Weekend Fun at the Mill City Market

I had a fun and educational time at the Mill City Farmers Market on Saturday, chatting it up with Marjorie Hegstrom, the Director of the Market. Arriving at the Market at 6:30 am - just before the first of several rain showers - I was able to watch as farmers and food artisans (who had arrived as early as 5:30 am) set up their shops in anticipation of the crowd. I was lucky to be there with Mette Nielsen, expert photographer and local food enthusiast, who took the pictures you see here.

Marjorie - smart, enthusiastic, knowledgeable, and a month away from maternity leave - has been with the Mill City Farmers Market since it was founded in June of 2006 by Brenda Langton (chef/owner of Spoonriver and Cafe Brenda), John Crippen of the Mill City Museum, and Farm in the City (where Marjorie worked at the time). Marjorie spoke about the market’s application process, the fact that “certified organic is not always the gold standard” in local food (”integrated pest management” is justifiable cause for using some chemicals on a local, sustainable farm), and her underlying belief that “the [business] person trying to sustain a business is a big part of sustainability too.” The Mill City Market is aware - and proud - of its reputation as a great place to bring your family, and Marjorie considers their educational bent (they teach classes on food seasons, preparations, etc.) critical to their mission and their success. I was surprised to learn that food producers and sellers pay the market only $30/week for their spots, plus a $50 annual fee. If not for the extensive waiting list, I might have signed up to sell my own strawberry-rhubarb cobbler (okay, I “borrowed” the recipe from The Birchwood) each Saturday for the rest of the summer.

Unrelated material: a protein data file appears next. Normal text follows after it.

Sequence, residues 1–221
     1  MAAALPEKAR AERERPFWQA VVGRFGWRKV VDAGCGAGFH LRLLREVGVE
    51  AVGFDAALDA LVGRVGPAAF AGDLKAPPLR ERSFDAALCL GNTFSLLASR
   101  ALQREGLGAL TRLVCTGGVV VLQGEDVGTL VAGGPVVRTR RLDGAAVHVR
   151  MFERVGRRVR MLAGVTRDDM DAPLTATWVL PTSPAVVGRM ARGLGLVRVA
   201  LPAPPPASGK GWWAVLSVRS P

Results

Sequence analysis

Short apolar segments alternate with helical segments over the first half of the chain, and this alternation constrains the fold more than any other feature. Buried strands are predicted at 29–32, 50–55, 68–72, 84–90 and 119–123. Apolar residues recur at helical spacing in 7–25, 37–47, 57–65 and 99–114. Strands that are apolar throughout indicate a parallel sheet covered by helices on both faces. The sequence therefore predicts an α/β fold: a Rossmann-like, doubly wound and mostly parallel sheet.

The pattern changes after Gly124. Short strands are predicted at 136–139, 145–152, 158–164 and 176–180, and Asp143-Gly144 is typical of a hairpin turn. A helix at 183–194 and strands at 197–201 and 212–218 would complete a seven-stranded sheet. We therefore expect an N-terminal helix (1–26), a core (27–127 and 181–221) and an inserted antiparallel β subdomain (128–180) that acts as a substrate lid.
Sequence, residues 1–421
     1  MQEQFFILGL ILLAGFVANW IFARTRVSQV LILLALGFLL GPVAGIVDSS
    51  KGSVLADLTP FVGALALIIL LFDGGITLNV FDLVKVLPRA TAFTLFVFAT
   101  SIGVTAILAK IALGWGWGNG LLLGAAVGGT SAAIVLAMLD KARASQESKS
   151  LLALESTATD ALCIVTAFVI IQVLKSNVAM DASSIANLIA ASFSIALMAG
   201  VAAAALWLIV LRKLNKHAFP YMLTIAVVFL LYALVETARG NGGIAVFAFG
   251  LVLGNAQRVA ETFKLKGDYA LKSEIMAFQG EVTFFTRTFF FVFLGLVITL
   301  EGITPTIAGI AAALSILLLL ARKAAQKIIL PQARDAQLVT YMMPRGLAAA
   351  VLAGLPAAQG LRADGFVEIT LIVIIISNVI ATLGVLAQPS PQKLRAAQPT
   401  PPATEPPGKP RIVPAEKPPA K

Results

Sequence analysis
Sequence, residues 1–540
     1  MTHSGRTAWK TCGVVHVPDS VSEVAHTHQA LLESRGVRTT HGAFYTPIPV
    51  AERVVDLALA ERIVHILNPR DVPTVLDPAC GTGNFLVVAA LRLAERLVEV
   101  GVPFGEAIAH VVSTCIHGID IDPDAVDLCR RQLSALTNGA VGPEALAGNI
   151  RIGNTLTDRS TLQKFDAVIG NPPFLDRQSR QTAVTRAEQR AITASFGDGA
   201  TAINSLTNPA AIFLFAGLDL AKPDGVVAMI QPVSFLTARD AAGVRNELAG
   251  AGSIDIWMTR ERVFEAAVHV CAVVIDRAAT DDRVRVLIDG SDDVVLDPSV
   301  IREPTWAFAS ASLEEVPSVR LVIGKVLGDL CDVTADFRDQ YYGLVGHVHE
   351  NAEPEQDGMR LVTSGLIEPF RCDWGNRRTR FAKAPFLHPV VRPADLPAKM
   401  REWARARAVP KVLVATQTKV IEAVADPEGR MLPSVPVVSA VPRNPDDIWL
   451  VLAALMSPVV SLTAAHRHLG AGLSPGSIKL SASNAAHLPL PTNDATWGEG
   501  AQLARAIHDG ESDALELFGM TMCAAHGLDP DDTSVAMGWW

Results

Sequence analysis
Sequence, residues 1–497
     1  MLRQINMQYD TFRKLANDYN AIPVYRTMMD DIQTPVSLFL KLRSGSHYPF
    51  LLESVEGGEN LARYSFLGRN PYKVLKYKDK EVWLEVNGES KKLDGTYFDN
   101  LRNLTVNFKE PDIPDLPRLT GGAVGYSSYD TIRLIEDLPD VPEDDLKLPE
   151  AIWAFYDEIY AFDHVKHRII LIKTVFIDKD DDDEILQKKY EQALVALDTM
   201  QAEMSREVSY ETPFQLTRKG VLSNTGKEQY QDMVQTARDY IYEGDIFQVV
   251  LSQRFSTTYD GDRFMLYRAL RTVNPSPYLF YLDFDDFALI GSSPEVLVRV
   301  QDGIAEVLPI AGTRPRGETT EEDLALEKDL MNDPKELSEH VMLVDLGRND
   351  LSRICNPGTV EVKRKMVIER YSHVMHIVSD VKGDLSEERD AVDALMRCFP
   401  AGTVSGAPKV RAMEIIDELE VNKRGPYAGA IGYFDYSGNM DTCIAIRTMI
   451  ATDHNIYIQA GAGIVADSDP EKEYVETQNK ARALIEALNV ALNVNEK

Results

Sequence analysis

Even before it opens at 8:00 am, the market is bustling. Marjorie expertly fielded questions from interns helping set up a food demonstration (peas were featured on Saturday) and vendors setting up shop, staying level-headed and calm even as one of the shop owners decided to pack up shop before 8:00 am, sure that the rain was going to keep her customers away.

I was grateful to spend some time with Marjorie at the Market, and also happy to have the chance to catch up with Ann from Local D’lish, to discuss the finer points of harvesting ramps with Pam from Prairie Hollow Farm, and to sample single source buckthorn honey from Ames Farm. I even had a chance to grab some terrific, spicy Easter Radishes on my way out. Highly recommended.

This post has been proudly submitted to Food Renegade's Fight Back Fridays.